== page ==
In this weekend’s New York Times Magazine, the captions and efficacy of photographer Roman Vishniac’s work in capturing pre-war Easter Europe is questioned. While various sources in the article debate whether or not his captions distort the reality of the pictures or if his images project a narrow point of view of that time and place, there is a technology debate in the article as well. Were the pictures staged or not?
This actually can likely be proven if we know what kind of camera he used: The article states:
“Other claims have required only common sense to refute, like Vishniac’s assertion that he took moving footage with a camera hidden in a valise. ‘Have you seen film cameras from that time?’ Benton notes. ‘They’re not exactly camcorders you can just stick in your purse.’”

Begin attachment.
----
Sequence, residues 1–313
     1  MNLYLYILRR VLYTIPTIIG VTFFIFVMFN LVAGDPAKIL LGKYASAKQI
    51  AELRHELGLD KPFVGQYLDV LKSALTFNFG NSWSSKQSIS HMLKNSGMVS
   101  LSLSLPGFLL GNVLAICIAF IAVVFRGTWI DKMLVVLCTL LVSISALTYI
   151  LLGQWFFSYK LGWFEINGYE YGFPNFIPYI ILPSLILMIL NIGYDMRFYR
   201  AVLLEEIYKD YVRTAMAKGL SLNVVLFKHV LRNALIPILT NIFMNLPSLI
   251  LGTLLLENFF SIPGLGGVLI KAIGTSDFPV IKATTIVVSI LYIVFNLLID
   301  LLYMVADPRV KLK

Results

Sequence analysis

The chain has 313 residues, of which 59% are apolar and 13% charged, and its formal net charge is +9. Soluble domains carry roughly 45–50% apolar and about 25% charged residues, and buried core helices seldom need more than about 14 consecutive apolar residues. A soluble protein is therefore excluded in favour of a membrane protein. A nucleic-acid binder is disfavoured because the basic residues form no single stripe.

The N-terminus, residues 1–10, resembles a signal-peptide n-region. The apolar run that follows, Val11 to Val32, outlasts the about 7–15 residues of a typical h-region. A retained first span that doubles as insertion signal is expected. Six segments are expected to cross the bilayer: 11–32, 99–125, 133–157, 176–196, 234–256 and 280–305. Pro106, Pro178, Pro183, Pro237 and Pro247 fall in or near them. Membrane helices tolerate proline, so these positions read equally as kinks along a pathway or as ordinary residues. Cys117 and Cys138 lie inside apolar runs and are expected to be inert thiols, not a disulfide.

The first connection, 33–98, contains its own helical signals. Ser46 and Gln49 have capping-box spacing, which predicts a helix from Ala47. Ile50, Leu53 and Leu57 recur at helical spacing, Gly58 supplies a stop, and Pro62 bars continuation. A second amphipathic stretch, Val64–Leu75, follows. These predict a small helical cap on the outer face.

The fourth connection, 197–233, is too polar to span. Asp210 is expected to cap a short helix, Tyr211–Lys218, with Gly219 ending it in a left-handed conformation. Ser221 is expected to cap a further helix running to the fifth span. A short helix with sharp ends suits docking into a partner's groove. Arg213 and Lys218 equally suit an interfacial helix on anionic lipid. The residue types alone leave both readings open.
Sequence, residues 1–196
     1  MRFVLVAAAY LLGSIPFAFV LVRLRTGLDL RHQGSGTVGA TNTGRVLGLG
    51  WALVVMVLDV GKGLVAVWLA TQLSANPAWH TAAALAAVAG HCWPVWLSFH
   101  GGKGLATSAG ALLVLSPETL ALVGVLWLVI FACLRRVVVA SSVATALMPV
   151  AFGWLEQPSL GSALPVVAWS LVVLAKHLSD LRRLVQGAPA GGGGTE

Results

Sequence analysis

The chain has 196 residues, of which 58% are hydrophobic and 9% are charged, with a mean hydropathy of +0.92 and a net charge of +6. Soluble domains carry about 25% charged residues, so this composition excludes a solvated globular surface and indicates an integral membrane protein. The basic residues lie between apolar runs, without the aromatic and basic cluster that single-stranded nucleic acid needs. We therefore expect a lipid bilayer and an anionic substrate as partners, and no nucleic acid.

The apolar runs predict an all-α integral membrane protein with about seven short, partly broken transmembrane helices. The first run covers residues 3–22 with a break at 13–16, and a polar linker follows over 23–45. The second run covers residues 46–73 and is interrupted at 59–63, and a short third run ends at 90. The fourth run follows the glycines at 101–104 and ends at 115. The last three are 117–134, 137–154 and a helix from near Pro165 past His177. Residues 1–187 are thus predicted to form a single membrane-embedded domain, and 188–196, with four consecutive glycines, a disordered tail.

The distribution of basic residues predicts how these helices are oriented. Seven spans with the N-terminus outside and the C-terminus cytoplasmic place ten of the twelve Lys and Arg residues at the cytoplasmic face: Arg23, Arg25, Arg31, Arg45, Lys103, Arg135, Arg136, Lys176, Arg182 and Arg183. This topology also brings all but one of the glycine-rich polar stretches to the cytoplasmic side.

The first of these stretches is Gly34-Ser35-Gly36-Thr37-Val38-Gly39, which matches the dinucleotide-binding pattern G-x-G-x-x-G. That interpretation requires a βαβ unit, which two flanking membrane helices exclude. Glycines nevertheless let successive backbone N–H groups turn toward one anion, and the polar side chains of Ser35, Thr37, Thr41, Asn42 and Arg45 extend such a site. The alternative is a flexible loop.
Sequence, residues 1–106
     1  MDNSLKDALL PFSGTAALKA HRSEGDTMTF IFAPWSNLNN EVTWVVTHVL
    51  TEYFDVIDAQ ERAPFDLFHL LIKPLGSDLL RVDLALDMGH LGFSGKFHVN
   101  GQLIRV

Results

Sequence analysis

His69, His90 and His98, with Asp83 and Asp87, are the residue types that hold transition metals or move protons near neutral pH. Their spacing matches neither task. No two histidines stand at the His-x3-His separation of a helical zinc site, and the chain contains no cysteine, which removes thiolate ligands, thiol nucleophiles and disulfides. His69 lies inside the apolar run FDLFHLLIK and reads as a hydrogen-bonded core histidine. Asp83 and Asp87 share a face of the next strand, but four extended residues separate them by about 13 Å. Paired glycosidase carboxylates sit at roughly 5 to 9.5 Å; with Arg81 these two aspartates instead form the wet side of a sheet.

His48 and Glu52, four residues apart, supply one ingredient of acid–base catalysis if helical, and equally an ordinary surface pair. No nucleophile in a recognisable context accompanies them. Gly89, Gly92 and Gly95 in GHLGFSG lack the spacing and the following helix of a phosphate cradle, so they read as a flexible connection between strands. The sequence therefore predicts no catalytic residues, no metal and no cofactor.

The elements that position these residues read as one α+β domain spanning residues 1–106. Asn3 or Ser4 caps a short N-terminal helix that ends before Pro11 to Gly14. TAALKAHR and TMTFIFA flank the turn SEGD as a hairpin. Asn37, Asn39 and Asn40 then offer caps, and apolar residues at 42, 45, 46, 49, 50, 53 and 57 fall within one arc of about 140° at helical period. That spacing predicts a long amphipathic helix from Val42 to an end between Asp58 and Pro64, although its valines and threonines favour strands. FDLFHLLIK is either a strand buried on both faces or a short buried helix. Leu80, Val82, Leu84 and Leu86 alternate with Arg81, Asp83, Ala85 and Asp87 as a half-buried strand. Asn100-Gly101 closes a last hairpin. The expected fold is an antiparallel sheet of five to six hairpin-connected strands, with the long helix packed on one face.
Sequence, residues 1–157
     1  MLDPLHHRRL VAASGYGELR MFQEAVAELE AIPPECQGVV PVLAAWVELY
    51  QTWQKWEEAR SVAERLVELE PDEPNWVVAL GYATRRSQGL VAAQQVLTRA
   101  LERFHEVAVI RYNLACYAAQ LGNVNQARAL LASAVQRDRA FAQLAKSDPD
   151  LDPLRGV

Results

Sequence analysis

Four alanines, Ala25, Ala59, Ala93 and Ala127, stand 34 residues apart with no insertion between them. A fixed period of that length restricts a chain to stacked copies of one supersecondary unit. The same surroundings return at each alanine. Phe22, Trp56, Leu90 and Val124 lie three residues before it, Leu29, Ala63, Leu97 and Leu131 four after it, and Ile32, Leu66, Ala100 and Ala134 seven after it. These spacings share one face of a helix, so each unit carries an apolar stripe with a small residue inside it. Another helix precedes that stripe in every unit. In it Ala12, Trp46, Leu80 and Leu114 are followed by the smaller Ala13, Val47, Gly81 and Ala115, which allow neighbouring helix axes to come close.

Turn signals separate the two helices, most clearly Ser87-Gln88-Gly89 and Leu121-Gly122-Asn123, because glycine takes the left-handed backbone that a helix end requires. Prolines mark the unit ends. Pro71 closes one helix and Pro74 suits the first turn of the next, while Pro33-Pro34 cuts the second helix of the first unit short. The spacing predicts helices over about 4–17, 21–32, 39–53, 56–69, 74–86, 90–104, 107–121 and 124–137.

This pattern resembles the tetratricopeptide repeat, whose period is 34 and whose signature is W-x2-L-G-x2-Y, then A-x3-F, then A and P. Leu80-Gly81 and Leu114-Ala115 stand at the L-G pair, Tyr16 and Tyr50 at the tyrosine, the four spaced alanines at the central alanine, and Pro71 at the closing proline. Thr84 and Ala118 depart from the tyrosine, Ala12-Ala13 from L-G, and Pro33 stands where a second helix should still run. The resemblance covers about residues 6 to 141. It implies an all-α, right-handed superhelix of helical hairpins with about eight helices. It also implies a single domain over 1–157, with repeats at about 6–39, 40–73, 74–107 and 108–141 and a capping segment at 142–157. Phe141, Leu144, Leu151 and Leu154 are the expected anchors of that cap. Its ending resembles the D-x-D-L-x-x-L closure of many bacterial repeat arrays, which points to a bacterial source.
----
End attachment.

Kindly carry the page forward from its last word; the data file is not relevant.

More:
Most of Vishniac’s pictures in question were taken in the late 1930s. And here is what a typical camera looked like from that era.
Isn’t technology more at the heart of this debate? What kind of camera did he use? Would like to see some follow up piece that hones in on this piece of the arguments made.
Ogilvy MediaXchange: Pitching the Right Reporter